He pointed under the sheet at my body. My face froze as I realized where he was pointing. I blushed with embarrassment as I stuck my hand under the sheet and between my legs. I found the post -it on my thigh. I pulled it off and smiled, "I guess this means I must have enjoyed myself," I looked at the post-it, "Greg."

"Well, since you can't remember anything, I should tell you you thought it was the best sex you ever had." he smiled like a naughty boy.

I chuckled. "I'll take your word for it." Sitting up, I hung my legs over the edge of the bed. "Oh God, I'm feeling a little sick."

"Bathroom's right over there." he pointed in the direction of a door.

"Thanks." I grabbed my things and went into the bathroom. A washcloth was hanging on the sink so I used it to clean up. I didn't throw up, but my whole body wanted to. Last night I went out with the intention of getting drunk; I had exceeded my goal.

I had wanted to be so drunk that I wouldn't remember it was the six month anniversary of the great debacle, the night I'd left my boyfriend of two years, the boyfriend who had been treating himself to some head in the bathroom at our friend's house. Obviously, it wasn't me sharing the bathroom with him.

The party had been in full swing and I noticed that Toby was missing. Like the naive idiot I can be, I couldn't figure out where he could have gone. I went gaily through the house looking for him, walking into the master bedroom no one was there. I was almost out the door when I heard a familiar, "Oh, that's it baby, you got it goin'" coming from the master-bathroom. My stomach clenched. That phrase usually meant he was close to Nirvana and didn't want me to stop. I opened the bathroom door and there he was, his hands on her head as she was bent over, giving him the thing he liked best. Marsha, my nemesis, was bringing things to a head. When they saw me he just shrugged his shoulders and pushed her head back down. Rather than stop, he just said, "Might as well finish, I'm already f#cked." With that he turned his attention back to his penis and I ran from the house, driving home faster than I should for a dark, moonless night.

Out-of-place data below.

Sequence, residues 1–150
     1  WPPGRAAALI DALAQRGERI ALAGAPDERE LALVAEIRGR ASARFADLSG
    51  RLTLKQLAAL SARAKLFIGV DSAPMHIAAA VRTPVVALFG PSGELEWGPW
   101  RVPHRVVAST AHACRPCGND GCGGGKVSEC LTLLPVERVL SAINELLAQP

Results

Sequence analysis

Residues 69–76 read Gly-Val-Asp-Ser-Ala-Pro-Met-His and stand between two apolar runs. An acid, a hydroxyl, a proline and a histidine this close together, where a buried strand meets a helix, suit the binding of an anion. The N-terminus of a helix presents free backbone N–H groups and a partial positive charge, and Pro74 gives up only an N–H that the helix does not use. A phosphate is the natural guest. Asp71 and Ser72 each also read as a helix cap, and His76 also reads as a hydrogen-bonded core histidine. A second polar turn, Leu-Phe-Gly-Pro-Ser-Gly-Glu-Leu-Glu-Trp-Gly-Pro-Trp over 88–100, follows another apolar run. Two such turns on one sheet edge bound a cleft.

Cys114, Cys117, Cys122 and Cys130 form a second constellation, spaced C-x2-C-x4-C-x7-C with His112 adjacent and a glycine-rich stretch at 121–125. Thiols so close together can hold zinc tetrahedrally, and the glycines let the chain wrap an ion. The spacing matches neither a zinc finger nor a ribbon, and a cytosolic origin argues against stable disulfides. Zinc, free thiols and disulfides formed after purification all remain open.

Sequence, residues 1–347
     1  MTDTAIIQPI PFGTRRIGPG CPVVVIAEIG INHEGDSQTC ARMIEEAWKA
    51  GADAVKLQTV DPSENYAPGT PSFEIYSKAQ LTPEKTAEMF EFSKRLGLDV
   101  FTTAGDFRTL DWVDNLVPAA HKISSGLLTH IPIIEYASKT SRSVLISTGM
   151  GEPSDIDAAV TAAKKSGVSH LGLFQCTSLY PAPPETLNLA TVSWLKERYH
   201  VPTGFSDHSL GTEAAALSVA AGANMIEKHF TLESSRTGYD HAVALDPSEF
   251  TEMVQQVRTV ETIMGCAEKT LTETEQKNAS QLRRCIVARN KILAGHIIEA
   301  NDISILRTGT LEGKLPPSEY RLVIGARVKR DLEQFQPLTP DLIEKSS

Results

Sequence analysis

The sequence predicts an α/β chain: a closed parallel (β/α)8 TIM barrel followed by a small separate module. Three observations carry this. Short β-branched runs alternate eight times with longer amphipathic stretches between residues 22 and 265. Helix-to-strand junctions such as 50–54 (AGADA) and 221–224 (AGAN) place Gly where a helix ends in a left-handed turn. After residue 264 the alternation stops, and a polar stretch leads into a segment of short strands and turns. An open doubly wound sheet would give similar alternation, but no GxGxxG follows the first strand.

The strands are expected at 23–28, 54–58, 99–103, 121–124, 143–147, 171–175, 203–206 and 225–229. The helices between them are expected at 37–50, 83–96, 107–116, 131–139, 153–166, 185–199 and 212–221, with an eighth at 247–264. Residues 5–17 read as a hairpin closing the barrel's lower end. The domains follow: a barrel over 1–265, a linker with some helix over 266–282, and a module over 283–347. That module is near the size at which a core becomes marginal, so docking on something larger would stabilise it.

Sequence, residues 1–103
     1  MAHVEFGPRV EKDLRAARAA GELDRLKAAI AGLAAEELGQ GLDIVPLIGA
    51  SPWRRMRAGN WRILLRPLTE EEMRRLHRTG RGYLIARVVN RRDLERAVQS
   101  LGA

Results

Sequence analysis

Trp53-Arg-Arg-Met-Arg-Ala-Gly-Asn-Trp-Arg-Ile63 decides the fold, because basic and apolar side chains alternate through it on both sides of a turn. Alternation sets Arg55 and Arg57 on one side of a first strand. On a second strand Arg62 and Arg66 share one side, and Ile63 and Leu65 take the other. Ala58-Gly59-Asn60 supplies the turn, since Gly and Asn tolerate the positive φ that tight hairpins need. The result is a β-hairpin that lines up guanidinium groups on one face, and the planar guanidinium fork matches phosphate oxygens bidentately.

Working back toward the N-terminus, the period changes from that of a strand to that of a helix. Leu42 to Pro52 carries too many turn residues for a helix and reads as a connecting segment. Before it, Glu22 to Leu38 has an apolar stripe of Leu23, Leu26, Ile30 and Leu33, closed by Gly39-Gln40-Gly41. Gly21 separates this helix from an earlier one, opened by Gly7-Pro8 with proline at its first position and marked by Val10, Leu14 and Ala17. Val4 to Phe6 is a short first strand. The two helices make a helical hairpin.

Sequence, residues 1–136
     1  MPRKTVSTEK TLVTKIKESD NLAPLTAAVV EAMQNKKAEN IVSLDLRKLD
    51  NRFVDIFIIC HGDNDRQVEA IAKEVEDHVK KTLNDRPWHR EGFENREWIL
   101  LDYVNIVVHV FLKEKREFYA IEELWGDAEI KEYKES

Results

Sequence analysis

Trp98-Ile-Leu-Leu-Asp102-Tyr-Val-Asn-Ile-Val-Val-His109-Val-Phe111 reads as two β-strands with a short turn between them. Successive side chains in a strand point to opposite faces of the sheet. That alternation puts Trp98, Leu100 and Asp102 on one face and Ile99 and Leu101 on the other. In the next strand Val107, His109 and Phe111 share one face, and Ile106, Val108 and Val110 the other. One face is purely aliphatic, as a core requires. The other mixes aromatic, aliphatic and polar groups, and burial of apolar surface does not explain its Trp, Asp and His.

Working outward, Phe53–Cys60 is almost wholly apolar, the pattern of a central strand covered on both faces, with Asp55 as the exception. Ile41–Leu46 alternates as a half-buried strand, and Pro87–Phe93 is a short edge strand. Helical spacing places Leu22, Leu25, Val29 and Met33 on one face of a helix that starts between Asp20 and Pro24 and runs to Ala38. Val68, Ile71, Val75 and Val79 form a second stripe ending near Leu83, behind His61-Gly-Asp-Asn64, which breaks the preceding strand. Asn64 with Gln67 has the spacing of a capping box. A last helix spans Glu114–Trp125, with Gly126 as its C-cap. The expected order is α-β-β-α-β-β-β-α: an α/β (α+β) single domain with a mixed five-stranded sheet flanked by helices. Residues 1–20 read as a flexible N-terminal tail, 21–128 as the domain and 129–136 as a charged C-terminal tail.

Two years down the toilet in one night. Maybe I could have forgiven him if it had been anyone but Marsha. The little trollop had ruined my first live-in relationship. Once bitten, shame on you, twice bitten, shame on me. The humiliation of losing another boyfriend to her was catastrophic. After crying for two hours on the phone, my roommate from med school suggested I consider moving away, making a fresh start.

"Princeton General is looking for someone to head a new department. Some new specialty and they're looking for someone with impressive Infectious Disease credentionals. Sounds like you're ideal."

"Princeton? I guess that sounds far enough away."

So I submitted my resume to the administrators at Princeton General and they asked me to come back for an interview. I felt relieved to hear that someone wanted to see me.

I look good on paper. I have my certification in Infectious Diseases by doing my residency at the CDC. I also have a certification in Emergency Medicine, having done my residency at UCLA. After my last residency, I did a three year stint with the World Health Organization (WHO). I had just completed my two year contract with Cedars Sinai and was now escaping to Princeton General. I had been published numerous times. In fact, my articles, by R. B. O'Sullivan, M.D., had been combined into a booklet and sold by the CDC to medical schools as supplemental texts for infectious disease classes.

The problem is that I have a temper and a mouth. I tend to engage my mouth before thinking. I was almost killed in Africa because of it. I was saved by a well-respected diplomat, but after that, the CDC insisted I take anger-management courses. Despite my quick temper, I don't stay angry for long. It's a flash, I say something stupid and then I calm down and apologize.

Most people would think of Princeton General as a huge step down for me. Maybe I would have thought the same thing if I had taken time to think. But I just wanted out of California and away from Marsha. Princeton General wanted to make me the department head of a new department they called, "Diagnostics."

"Isn't all of medicine diagnostics?" I asked in my interview.